While everyone else in the world infatuated themselves with The Strokes and their retro rock revivalism, I threw my lot in with Electroclash, which immediately appealed to me on the most basic of levels. The aesthetic was both shiny and tacky, reveling in it’s meretricious presentation. Electroclash was a brilliant mixture of super serious and deeply silly. At that point in my life, the tortoise years of between graduating from college and looking for a career (and trying to avoid getting one), these tinny sounds, arch vocals, and misanthropist lyrics gave me an alternative life full of glamour and apathetic fabulosity. In the middle of 2002 and 2005, I belonged to Berlin, though a lack of funds meant I had to make do with Cumbernauld, a town full of weird corners and odd angles. The lack of passport and a deeply held terror of flying meant music was my main mode of transport, taking me to a Berlin that existed only in my dreams. I wanted glamour on a Jobseeker’s Allowance budget, if only because my life was anything but ideal. After years of being in further education, studying PR and Journalism, I still wasn’t sure of my place in the world. My brother was in prison after another bungled robbery. My parents were splitting up (again). Doctor Who still wasn’t on the telly. Also, other things were happening that I didn’t truly deal with until a few years ago, after the death of my sister. In the midst of that… Electroclash! New sounds from an old era, back again for a different audience to discover.
My introduction to the sound of Electroclash was Miss Kittin & The Hacker’s seminal First Album. Magazines I eagerly seized from the shelves of Borders (back when the print industry felt substantial enough to fill those shelves) seemed unsure of their genre, so embraced everything. Sleazenation. Jockey Slut. The Face. ID. Dazed. They mixed fashion, music, literature, and photography the way a DJ fuses songs into a playlist. It felt like the promise of innovation was just around the corner and a deadpan delivery with tinny beats could be the soundtrack to a promised, stylish future. Even artists not quite in the Electroclash zone fell into my CD pile. Peaches, an Electroclash adjacent artist, put out The Teaches of Peaches, which was *the* hippest album for a good while until the next hippest album came along, was discovered at Fopp in Glesga. The cover artwork immediately hinted at something transgressive, the pink hotpants a particular giveaway. As soon as I saw the track list (AA XXX, Fuck The Pain Away, Set It Off…), I knew this was an album I *had* to buy. Ladytron also popped up early in my CD shopping sprees. Evil, the Ewan Pearson remix, was dutifully grabbed at the Cumbernauld branch of Our Price, which shut down during the initial wave of industry confusion in the wake of Napster. The unit where Our Price used to be is now a nail bar, the wet mildew stink of spreading damp always a reminder of the CD shop I used for years. A few years after I bought that album, I met Ladytron in Glesga, having them autograph their albums for me. They scribbled their names in gold. How perfect, I thought.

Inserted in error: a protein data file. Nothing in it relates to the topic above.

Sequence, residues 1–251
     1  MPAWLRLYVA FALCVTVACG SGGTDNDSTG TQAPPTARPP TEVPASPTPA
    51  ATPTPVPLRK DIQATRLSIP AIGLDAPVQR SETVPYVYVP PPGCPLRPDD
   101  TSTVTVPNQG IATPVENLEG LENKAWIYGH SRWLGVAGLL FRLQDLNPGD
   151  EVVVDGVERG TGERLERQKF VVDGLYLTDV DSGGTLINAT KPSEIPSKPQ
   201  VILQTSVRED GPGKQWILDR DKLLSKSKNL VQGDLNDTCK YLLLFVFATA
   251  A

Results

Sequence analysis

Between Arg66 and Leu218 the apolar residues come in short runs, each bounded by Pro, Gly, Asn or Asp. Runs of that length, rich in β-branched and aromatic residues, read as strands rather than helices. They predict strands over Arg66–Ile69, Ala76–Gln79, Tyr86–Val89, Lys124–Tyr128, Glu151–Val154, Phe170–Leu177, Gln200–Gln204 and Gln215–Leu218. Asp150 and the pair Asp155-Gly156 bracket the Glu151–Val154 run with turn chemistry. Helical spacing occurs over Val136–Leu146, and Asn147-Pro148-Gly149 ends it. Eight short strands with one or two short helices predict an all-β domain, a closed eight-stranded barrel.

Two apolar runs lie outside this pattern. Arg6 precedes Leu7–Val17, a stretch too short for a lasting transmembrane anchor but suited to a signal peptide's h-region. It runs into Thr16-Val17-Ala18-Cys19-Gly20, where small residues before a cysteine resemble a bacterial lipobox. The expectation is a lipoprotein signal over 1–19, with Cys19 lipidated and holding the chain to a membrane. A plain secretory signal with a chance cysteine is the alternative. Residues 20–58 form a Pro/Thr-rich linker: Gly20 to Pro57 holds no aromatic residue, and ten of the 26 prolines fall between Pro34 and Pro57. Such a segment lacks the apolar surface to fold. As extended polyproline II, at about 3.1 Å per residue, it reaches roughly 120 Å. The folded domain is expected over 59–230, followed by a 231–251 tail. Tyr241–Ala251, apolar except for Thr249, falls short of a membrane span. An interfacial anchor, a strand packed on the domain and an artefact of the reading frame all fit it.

Fischerspooner were never the most respected groups in music, but their Top of the Pops appearance was pure performance art, serving bratty New York overconfidence years before Gaga arrived on the scene with her own take. Richard Blackwood looked terrified when he made their introduction. I’d lie if I said their debut album was on rotation, because outside of Emerge, I found it a little unsteady. Mostly, I listened to Emerge, like most fans at the time. It peaked at #25 in the chart and disappeared, which I found bizarre because what a fucking song. Also, this performance literally didn’t sell the song to the public. Maybe if the dancers had worn Converse instead of gravity defying wigs…
One of my favourite memories of that time was my visit to London so I could attend Panopticon at The Hilton. A Doctor Who convention was taking place, celebrating Forty Years of our favourite Time Lord. There I was in my old man peaked cap and tartan cardigan, watching my friend cadge ciggies from Katy Manning, when I realised there had to be an HMV nearby. Later that day, I found the new Chicks on Speed album which featured appearances by Peaches and Miss Kittin. 99 Cents must be the single most ‘Electroclash’ sounding album I own and while not substantial musically, it’s bloody good fun and sometimes that’s all you really need when you press PLAY. Goldfrapp’s Black Cherry, Ultrasex by Mount Sims, Electrocute’s A Tribute To Your Taste, Lesbians On Ecstacy, Ping Ping Bitches, Le Tigre, Whatever It Takes, TokTok Vs Soffy O, Muzik Magazine’s Dance To The Underground compilation, Playgroup’s debut album, the Party Monster soundtrack, and Felix Da Housecat’s Kittenz and Thee Glitz were all essential musical monuments of a time I always forget until the iPod decides to remind me I survived the noughties, even if it sometimes doesn’t feel like it. It was a rough time that required escapism for me to function. Music gives you another place to visit, something to cut the noise out, if only for the duration of an album. That’s why I could never dismiss Electroclash’s importance as a genre. Honestly, I never understood that criticism. Just because something is disposable doesn’t mean it can’t matter, especially to the people who need it the most, like me a long time ago.